Schandra Singh – God Don’t Like Ugly (Works)
Schandra Singh – God Don’t Like Ugly Press Release
Thomas Erben is pleased to present the gallery’s first solo exhibition with Schandra Singh, after her inclusion in two group shows, in 2012 and 2013. Working in oil on exposed linen – often at a monumental scale – Singh takes on the fraught landscape of the vacation industry, letting intricate detail sprawl into sketch-like brushstrokes.
One of the most immediate features of Schandra Singh’s work is the almost grotesquely rendered bodies of her subjects, with the skin at first glance seemingly turned inside out, exposing muscle and tendons. The people depicted are brought so far into abstraction that the result is almost caricature-like, but Singh’s fervent devotion to detail turns them into so much more. Each painting becomes a complex landscape, where every minute variation in skin tone or fabric pattern, every facial highlight or gleam of sunlight in water is elaborated and expanded. Here lies the source of the carnal quality in Singh’s paintings: detail splinters into detail in a virtually fractal manner, transforming extremes of the flesh into intricate ornamentation. As if representing several realities at once, faces grow multiple eyes, bodies multiple limbs. Heads erupt in surreal imagery of animals, people, objects – thoughts, dreams and alternate futures taking physical form.
Singh’s method of arriving at the final result is an important aspect of her process. From hundreds of photos from vacation locations, one is selected, and translated through an extensive series of drawings. One of these, in turn, is used as a basis for a painting, often incorporating elements from several other sketches. Each step removes the image further from the subject, turning the person from an individual into a projection of the artist’s psyche, filtered through the facets of her own gaze. And as she turns her eye to tourists and hotel staff alike, everyone is immersed in the same kaleidoscopic universe.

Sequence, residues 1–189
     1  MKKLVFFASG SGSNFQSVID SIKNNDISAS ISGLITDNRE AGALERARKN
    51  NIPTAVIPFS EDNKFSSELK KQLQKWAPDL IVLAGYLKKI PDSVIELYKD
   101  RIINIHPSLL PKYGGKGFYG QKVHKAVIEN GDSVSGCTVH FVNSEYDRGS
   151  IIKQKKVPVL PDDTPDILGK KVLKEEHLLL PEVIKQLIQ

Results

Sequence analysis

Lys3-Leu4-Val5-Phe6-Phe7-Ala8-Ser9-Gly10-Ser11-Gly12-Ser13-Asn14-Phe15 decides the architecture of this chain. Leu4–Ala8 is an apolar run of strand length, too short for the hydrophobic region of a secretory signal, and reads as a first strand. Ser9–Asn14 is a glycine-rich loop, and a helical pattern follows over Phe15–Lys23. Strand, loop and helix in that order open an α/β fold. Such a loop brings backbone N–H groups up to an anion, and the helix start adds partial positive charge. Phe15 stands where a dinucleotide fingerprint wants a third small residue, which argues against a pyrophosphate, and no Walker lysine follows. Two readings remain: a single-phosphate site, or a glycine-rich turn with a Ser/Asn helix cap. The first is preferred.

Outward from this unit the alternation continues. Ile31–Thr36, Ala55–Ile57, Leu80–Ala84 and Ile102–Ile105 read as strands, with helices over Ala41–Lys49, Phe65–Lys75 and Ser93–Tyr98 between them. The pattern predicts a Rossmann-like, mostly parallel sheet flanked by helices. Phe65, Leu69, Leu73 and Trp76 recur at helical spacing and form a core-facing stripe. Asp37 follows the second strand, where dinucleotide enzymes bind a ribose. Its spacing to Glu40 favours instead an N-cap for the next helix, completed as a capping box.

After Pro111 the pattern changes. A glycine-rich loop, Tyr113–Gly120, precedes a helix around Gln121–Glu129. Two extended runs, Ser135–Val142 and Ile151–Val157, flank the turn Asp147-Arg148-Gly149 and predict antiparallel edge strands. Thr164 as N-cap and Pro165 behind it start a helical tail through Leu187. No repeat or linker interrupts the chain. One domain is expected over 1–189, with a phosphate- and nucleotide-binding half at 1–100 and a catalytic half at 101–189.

In a world where representation of The Other has become increasingly difficult, Singh uses her fractured visuality as an equalizing element. The surface of a swimming pool takes on the same shattered structure as the wrinkled stripes of a maid’s uniform; all her subjects are enfolded into one fluid pattern. Puppets both of the artist’s will and of ever expanding global forces, they seem both anxious and exhilarated, with their internal turmoil laid bare. As cooling water merges with emotional chaos, they are all faced with a similar choice – to go with the flow or struggle against the currents.
Schandra Singh (b. 1977, Suffern, NY) completed her BFA (1999) at the Rhode Island School of Design and went on to receive her MFA in painting (2006) at Yale. She had solo exhibitions at Nature Morte, Berlin (2011), Bose Pacia, New York (2010), Galerie Bertrand & Gruner, Geneva, (2008) and has shown internationally, most notably in The Empire Strikes Back, Saatchi Gallery, London, The Silk Road, Saatchi Gallery at Lille 3000, Lille (both 2010), and India Xianzai, MoCA Shanghai (2009). The artist lives and works in Poughkeepsie, NY.
The exhibition is accompanied by a catalogue with an interview by Ellen Gallagher, a conversation with Huma Bhabha and Jason Fox, as well as an essay by Greg Tate.